One of the largest lemurs that ever lived was a hefty animal that weighed about as much as an adult human. Turns out, the behemoth attained its enormous size by eating leaves, according to an analysis of its genome.
Koala lemurs (Megaladapis edwardsi) measured up to 5 feet (1.5 meters) long and weighed about 187 pounds (85 kilograms), and were one of at least 17 giant lemur species that once lived on Madagascar. But as ancient DNA typically doesn't preserve well in tropical and sub-tropical climates, very little genetic information about these massive, extinct lemurs has survived to the present.
However, scientists recently hit the DNA jackpot after analyzing hundreds of bones from extinct lemurs. They identified a koala lemur jawbone that was 1,475 years old but still had viable genetic material. This enabled the researchers to find a new place for the mysterious giant on the lemur family tree.
All lemurs, living and extinct are members of the primate family, which includes monkeys, great apes, humans and our extinct relatives, such as Neanderthals. Koala lemurs' common name references koalas (which are marsupials, not primates) because they have similar bodies: long arms, short legs and big feet for clutching tree trunks and branches, according to the Duke Lemur Center in Durham, North Carolina.
Scientists previously suspected that giant, tree-dwelling koala lemurs were leaf-eaters because animals that specialize in leafy diets typically have bigger bodies compared with relatives with more varied diets, said lead study author Stephanie Marciniak, a postdoctoral scholar in the Department of Anthropology at Penn State University. There are more than 100 lemur species on Madagascar today, but the biggest lemurs disappeared between 500 and 2,000 years ago.
"It was the large-bodied species that predominantly became extinct, rather than smaller species that existed at the same time," Marciniak told Live Science in an email. "The habitats that the giant lemurs were adapted to likely changed substantially, impacting their ability to survive."
For the new study, the researchers sampled DNA from the koala lemur jawbone. Because the jawbone's preservation was so good, the scientists were able to conduct nuclear genomic analysis — reconstructing the koala lemur's genome from DNA in the cell's nucleus, which provides genetic data from both parents. Mitochondrial DNA, by comparison, sometimes is preserved when a cell's nucleus is not, but such DNA contains genetic information only from the mother.
"The nuclear genome has thousands of independent markers of ancestry compared to the mitochondrial genome, so it's well-suited to definitively address the relationship of Megaladapis to other lemurs," Marciniak said.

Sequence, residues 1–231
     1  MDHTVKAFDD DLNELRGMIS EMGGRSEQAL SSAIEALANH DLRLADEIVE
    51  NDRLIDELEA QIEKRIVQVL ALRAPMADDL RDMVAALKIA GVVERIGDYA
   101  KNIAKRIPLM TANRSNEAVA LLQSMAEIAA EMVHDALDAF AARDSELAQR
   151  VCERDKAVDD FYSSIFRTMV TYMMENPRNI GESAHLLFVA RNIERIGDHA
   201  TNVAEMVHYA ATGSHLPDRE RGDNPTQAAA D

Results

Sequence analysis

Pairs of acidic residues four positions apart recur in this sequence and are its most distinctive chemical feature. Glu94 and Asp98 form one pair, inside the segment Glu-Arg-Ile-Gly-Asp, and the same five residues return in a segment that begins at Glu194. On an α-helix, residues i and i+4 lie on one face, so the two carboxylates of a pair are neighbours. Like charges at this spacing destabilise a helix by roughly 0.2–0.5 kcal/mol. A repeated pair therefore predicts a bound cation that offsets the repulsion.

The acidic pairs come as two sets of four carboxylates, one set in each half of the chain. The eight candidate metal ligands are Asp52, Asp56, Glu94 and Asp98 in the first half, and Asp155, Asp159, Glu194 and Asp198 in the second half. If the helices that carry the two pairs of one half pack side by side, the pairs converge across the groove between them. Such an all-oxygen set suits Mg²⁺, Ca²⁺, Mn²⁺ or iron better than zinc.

Then, the scientists compared the koala lemur DNA to that of modern lemurs, including two species that occupy different branches on the lemur family tree: red-fronted lemurs (Eulemur rufifrons) and weasel lemurs (Lepilemur mustelinus). Prior analysis of koala lemurs' skulls and teeth suggested that koala lemurs were close relatives of weasel lemurs. But the newfound genetic data told a different story, placing the extinct giants closer to red-fronted lemurs.
"This means that the similarity in skeletal and dental traits between Megaladapis and Lepilemur are likely part of their adaptations to a similar diet and ecological habitat/pressures," Marciniak said in the email.
The scientists also analyzed genetic data for clues about koala lemurs' habits and biology. They compared koala lemur DNA to that of 47 animals that were not lemurs, and found similar protein-encoding genes in golden snub-nosed colobine monkeys (Rhinopithecus roxellana), and in horses (Equus caballus). These genes help herbivorous horses and leaf-eating snub-nosed monkeys absorb nutrients and break down leafy plant toxins, and hinted that koala lemurs were specialized leaf-eaters too, according to the study.
Decoding koala lemurs' ancient genome could offer new paths for exploring how other giant extinct lemurs evolved in their Madagascar habitats through dietary or other ecological adaptations, Marciniak said.
The findings were published on June 24 in the journal Proceedings of the National Academy of Sciences.
Originally published on Live Science.
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Mindy Weisberger is an editor at Scholastic and a former Live Science channel editor and senior writer. She has reported on general science, covering climate change, paleontology, biology, and space. Mindy studied film at Columbia University; prior to Live Science she produced, wrote and directed media for the American Museum of Natural History in New York City. Her videos about dinosaurs, astrophysics, biodiversity and evolution appear in museums and science centers worldwide, earning awards such as the CINE Golden Eagle and the Communicator Award of Excellence. Her writing has also appeared in Scientific American, The Washington Post and How It Works Magazine.